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Patient Story: Kelly Smethurst

Kelly Smethurst Portrait

Last year, Kelly Smethurst was having abdominal pains and saw blood in his stool. But he didn’t do anything right away. A married father of two young boys, he was busy with family and his work at Anderson Hay in Ellensburg. 

“I’m like a lot of guys,” says Kelly. “I just didn’t want to think anything might be wrong.”

In early August, Kelly saw his doctor who recommended a colonoscopy. After that procedure, the doctor sat down with Kelly and his wife, Anne, to deliver the news that Kelly had cancer. He was only 39.

“We were stunned. Cancer was something that happened to other people, older people,” says Kelly. 

When he called his parents with the news, Kelly’s mother said he should go to Overlake right away. She had worked there before retirement and was confident Overlake doctors could help him. She was right.

At Overlake, doctors discovered a 10-centimeter tumor in his colon, and Kelly was diagnosed with stage 4 colorectal cancer. Also, Kelly’s doctors found spots on his lungs and liver. The medical team at Overlake developed a focused plan of attack. Overseeing Kelly’s chemotherapy would be medical oncologist Jason Comer, MD; his radiation treatment would be handled by radiation oncologist William Brent Reece, MD; and finally, his surgery would be performed by colorectal surgeon Ian White, MD.

Because of the confidence and commitment he felt from these doctors, Kelly made a commitment of his own. “I decided that this was not going to take me down. I had these doctors who were going to fight for me and I was going to fight right along with them,” he says.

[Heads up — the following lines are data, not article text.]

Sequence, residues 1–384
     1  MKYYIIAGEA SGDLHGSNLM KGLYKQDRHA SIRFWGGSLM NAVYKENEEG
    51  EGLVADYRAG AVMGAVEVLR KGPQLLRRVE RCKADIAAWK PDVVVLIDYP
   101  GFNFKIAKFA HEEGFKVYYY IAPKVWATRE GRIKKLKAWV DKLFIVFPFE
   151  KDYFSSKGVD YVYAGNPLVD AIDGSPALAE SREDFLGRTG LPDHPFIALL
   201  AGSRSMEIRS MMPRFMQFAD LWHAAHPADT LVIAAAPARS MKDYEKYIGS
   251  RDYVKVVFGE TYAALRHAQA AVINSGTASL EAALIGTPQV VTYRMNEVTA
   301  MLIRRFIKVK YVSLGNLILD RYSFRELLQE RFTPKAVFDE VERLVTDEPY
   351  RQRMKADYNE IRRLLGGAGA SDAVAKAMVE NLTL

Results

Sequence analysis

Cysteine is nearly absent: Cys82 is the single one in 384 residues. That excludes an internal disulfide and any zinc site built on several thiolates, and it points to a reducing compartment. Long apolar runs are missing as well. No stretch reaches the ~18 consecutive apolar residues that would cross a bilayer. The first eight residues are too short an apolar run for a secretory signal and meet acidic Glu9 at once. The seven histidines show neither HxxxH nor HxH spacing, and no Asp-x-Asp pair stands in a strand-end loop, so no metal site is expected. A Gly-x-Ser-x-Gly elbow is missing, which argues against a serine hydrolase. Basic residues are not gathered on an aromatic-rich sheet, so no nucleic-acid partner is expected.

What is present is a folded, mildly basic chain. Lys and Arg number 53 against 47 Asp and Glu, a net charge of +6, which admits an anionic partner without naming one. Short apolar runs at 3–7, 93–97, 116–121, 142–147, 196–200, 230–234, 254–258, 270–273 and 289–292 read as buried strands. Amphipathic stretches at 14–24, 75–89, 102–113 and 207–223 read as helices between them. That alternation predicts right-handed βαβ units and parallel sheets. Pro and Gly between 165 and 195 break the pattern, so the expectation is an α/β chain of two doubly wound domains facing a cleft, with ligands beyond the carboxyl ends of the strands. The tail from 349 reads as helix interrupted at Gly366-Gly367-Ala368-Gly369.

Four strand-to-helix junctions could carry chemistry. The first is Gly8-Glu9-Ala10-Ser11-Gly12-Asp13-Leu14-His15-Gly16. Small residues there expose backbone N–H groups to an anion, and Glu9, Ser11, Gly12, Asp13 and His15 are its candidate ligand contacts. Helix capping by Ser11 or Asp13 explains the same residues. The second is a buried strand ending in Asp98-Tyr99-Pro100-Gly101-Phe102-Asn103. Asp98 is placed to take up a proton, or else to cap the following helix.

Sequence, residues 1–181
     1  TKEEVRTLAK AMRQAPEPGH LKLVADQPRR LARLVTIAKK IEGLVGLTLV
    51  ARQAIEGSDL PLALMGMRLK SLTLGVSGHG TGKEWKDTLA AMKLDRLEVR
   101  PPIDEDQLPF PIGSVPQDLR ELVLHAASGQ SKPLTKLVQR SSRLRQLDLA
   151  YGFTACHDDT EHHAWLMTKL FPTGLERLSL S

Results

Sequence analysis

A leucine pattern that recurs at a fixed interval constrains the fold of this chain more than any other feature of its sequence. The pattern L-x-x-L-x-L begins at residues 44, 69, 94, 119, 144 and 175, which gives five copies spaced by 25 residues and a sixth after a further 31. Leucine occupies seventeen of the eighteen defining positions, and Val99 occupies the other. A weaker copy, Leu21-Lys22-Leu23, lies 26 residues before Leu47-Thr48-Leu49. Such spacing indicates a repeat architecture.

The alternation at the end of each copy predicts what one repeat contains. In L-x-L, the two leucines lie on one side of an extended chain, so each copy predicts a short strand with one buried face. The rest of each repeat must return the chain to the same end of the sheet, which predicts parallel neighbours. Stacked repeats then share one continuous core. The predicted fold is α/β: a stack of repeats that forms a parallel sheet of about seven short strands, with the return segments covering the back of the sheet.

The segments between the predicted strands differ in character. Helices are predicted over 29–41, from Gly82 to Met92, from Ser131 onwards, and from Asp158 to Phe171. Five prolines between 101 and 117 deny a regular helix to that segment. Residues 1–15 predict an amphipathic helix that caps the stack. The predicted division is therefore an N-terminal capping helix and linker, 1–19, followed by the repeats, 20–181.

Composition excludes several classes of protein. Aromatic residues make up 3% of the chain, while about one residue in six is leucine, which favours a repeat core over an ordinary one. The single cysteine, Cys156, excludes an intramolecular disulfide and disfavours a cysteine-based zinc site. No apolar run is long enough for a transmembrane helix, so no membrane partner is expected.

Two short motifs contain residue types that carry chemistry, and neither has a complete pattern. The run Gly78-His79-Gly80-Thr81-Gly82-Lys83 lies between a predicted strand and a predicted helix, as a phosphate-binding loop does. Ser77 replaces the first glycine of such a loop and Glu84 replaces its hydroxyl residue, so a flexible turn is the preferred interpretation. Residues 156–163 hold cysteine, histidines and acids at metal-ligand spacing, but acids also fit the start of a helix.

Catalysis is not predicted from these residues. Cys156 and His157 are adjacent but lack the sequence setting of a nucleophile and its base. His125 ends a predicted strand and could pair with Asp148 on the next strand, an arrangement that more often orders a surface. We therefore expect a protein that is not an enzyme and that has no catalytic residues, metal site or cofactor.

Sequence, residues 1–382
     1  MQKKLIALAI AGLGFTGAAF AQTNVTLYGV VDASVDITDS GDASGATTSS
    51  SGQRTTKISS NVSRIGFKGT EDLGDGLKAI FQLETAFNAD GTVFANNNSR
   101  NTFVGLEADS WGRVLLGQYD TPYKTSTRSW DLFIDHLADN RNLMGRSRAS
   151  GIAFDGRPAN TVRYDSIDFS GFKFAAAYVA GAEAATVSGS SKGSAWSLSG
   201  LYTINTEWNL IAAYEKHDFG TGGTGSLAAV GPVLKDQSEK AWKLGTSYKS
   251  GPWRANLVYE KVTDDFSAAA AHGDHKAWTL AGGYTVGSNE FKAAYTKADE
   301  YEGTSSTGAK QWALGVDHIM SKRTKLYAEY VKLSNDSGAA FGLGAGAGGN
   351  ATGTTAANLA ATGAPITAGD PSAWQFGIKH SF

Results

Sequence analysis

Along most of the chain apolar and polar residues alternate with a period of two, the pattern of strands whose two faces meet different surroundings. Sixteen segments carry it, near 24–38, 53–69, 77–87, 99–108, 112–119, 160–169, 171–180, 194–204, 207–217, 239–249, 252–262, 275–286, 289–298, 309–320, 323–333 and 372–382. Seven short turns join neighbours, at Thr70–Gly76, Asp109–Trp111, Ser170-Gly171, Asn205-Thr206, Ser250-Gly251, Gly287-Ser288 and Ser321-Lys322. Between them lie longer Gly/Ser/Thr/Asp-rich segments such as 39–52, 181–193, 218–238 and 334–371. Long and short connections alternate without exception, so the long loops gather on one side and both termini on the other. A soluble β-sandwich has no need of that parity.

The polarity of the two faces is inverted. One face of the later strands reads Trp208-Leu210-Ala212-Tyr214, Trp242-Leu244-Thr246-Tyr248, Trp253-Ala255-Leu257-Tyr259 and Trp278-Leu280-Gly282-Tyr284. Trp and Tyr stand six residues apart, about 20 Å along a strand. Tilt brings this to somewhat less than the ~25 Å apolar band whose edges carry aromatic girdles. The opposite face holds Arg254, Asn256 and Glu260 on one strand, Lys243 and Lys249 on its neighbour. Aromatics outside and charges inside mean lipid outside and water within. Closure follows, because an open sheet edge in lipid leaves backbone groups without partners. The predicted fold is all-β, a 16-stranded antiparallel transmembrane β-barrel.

Kelly began visits to what he calls “the chemo spa” at Overlake, where he would be infused with drugs to attack the cancer. Along with radiation, it was a successful effort to shrink the colon tumor before the surgery to remove it. 

Kelly shares that through the hundreds of hours of chemotherapy and radiation, he worked remotely and “never missed a day.” He handled the nausea that accompanied the chemotherapy by “eating even when I didn’t feel like it.” He says he would excuse himself from the dinner table to go to the bathroom and throw up. Then he would come back, sit down and continue to eat. “I wanted my boys to see that I wasn’t giving in,” he says. “I stayed as strong as I could.”

During his many visits, Kelly appreciated how the Overlake nurses and support staff greeted him and his wife. “They immediately got to know us,” he explains. “I actually looked forward to coming in for treatments so we could catch up on things.”

It was all worth it, says Kelly. His latest PET scans have been clear, and today he is considered cancer-free. “I know this doesn’t mean I will always be cancer-free,” he adds. “But I’m being carefully monitored, and I know if anything shows up, my team at Overlake is going to handle it. And I am, too.”

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